EPIRB (Emergency Position Indicating Radio Beacon) prices have dropped considerably in the past several years (about 3x cheaper than in 2006), and have become affordable enough to where there is not much debate that they are an essential piece of gear for a cruising sailboat these days. The question of which EPIRB to get took a bit more thought though. We eventually decided on the ACR GlobalFix V4 category II EPIRB and in this post we’ll go through our thought process on that purchase decision.
ACR vs McMurdo vs Ocean Signal
ACR ARTEX has been the leading EPIRB manufacturer for quite a while. When we started looking for an EPIRB, ACR had recently released the GlobalFix V4 so it caught our eye. Its ACR’s first EPIRB with a battery rated for 10 years, and is also user replaceable! In theory you could replace the battery once and get 20 years out if it, though I feel like after 10 years I may simply prefer to get a new one if prices continue to drop the way they have been. In previous models (GlobalFix Pro and iPro), the batteries were rated for 5 years, and replacement batteries were not sold to the public, so you’d have to send your unit in to the dealer for it to be replaced at a cost of several hundred dollars! This made the cost effective lifespan of those legacy units closer to 5 years, vs the 10-20 years for the new V4.
McMurdo claims a 6 year battery life for their McMurdo Smartfind Plus, and they’re not user replaceable. They also had problems in 2003 with their units not aquiring a GPS fix in real world conditions, and their reputation has suffered for it. To be fair, they claim to have recently scored a contract with the USCG to supply 16,000 PLBs, so that may help their reputation in the future. But with an equivalent price, less battery life, and the history of issues, I see no compelling reason to go the McMurdo route.
Ocean Signal produced the Ocean Signal rescueME EPIRB1 with a 10 year user replaceable battery well before ACR produced the V4. In fact, a few months after Ocean Signal released the EPIRB1, they were aquired by ACR. Almost a year later the V4 was released. I don’t know if the V4 was explicitly modeled after the EPIRB1, but I cant imagine its any worse engineered than the EPIRB1, having been developed with more resources and the benefit of hindsight. Since they’re basically equivalent on price, I went with the newer v4.
ACR V4 vs previous ACR EPIRB models
In addition to the advancement in battery storage life and replaceability, the ACR V4 is actually cheaper than ACR’s other models. However there are two potential tradeoffs that I noticed.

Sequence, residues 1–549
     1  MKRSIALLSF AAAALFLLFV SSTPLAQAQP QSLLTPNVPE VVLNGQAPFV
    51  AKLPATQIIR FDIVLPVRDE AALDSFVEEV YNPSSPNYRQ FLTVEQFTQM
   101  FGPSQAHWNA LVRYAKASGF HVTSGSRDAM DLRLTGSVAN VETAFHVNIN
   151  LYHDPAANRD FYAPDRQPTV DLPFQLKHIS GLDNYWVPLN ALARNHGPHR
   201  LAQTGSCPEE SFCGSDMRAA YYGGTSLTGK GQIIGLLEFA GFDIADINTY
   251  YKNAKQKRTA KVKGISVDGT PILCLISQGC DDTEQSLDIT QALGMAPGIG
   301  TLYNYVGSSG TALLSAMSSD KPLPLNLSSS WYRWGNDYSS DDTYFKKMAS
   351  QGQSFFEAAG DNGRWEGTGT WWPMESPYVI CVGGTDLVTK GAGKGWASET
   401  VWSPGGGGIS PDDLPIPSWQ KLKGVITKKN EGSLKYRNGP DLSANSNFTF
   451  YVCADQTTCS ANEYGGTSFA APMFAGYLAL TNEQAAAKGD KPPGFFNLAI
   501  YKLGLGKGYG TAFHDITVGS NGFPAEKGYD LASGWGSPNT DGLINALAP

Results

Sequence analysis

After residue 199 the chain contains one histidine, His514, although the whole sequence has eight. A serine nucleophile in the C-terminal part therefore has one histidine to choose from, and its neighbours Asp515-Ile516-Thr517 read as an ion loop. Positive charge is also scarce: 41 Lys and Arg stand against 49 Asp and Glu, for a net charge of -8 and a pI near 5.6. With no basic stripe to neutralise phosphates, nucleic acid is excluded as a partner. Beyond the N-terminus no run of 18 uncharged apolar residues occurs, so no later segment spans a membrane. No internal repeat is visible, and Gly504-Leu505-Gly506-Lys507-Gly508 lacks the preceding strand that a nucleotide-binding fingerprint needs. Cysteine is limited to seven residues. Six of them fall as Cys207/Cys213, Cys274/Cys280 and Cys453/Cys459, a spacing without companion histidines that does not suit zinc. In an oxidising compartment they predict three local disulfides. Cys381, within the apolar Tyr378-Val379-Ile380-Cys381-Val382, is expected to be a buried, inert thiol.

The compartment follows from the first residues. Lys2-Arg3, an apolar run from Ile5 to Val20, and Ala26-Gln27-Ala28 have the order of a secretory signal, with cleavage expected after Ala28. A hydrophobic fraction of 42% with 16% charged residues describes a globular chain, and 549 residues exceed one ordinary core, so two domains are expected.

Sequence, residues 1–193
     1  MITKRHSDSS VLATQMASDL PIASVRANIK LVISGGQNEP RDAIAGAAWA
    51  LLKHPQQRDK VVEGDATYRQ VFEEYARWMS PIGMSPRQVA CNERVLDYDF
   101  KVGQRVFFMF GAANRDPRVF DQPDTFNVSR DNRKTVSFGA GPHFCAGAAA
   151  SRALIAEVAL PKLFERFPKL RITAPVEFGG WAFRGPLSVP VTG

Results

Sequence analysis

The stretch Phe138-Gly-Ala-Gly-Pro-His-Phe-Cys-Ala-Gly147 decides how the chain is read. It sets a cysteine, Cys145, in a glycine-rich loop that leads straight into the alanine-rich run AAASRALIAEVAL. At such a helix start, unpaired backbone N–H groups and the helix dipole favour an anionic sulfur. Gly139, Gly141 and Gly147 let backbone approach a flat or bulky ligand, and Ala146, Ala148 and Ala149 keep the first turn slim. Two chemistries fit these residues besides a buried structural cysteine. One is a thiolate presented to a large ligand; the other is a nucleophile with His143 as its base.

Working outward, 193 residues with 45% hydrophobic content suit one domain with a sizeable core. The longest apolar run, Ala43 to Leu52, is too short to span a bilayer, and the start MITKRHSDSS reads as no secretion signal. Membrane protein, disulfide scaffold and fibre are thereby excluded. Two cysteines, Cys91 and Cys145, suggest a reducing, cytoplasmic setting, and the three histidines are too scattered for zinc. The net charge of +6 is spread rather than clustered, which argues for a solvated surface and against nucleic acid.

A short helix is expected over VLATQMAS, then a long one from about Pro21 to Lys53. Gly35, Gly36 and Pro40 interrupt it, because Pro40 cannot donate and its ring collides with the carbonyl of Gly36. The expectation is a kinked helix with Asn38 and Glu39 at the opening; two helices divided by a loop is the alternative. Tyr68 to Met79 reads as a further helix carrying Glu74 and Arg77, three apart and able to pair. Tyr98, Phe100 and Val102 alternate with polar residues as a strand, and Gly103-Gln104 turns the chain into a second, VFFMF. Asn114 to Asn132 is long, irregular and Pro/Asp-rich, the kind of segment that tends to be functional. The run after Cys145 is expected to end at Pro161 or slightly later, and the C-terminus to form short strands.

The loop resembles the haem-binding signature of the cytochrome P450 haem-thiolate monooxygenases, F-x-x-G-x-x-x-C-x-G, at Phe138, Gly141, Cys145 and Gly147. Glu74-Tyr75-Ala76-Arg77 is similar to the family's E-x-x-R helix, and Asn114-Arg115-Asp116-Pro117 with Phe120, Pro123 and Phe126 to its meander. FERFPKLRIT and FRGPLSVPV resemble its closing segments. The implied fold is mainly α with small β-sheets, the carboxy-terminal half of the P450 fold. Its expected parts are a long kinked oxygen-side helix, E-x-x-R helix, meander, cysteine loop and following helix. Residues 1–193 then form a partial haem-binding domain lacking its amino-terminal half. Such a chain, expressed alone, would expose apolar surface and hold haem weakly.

- The 406 Mhz satellite communication signal is 5w compared to 6.3w for their older, more expensive models. 5w is plenty of power to transmit the distress signal to orbiting satellites, so this shouldn’t be an issue. Despite this difference, the 121.5 Mhz homing signal, which is used by search and rescue planes, is 50mW just like ACR’s other models.
- The previous models were advertised as having a minimum operational time of 48hrs, but could be expected to last 65 hrs+. The V4 has its minimum listed at 48hrs as well, but its expected time is simply listed as 48 hrs+, which leads me to believe the maximum signal broadcast time could be a bit lower. Two days seems like plenty of time in any case, but if you were worried about this you could buy a spare battery!
Category I vs Category II
We went with the category II version, which means that we need to manually remove it from the mounting bracket in order to activate it. A category I version has a bracket which will automatically release the EPIRB when its submerged in water 4-14 feet deep. The auto deploy sounds nice, but it costs an extra $100 and the benefits are not as apparent on a small sailboat as it would be on a larger ship. To function properly, the category I EPIRB would need to be mounted outside where it wouldn’t get trapped inside the cabin. But if it was mounted outside, I’d be worried about breaking waves or a rollover releasing the EPIRB accidentally. The automatic category 1 brackets are also supposed to be replaced every 2 years at a cost of over $200 a pop.
We chose to mount our manual release bracket by the companionway hatch for easy access. It fits in a spot that looks like it was designed just for the EPIRB despite the fact that our boat was built over 30 years ago and I doubt EPIRBS were in wide use back then on recreational boats.
Operation and Testing
The V4 has test functions to ensure it’s working correctly. You can do the general test 120 times before battery life is overly affected, which gives you a recommended schedule of once a month for the 10 year lifespan of the battery. The extended GPS test on the other hand can be done only 84 times, which would be once ever 6 weeks. The software actually prevents any tests after the 84th time. This is not presented as a mandatory test by the manufacturer so you can skip the extended GPS test altogether or just do it once ever few months. The results of the tests are communicated through red and green leds.
In the event of an actual emergency, you slide the protective cover to the right, popping out a plastic tab (the witness seal, which helps to deter accidental activation) and press the red button for 2 seconds. Or you can simply remove it from its bracket (the bracket contains a magnet that prevents water activation while still attached), place it in the water, and the EPIRB will begin transmitting automatically. It comes with a tether wrapped around the beacon under the black strap. Make sure to attach it to you so it doesn’t drift away!
For full operation instructions check the manual.
Where to Buy
Prices change, so look around, but currently these are the best prices on the 3 EPIRBS discussed above:
All of these EPIRBs currently have manufacturers rebate offers going for about $50 off each so keep that in mind!
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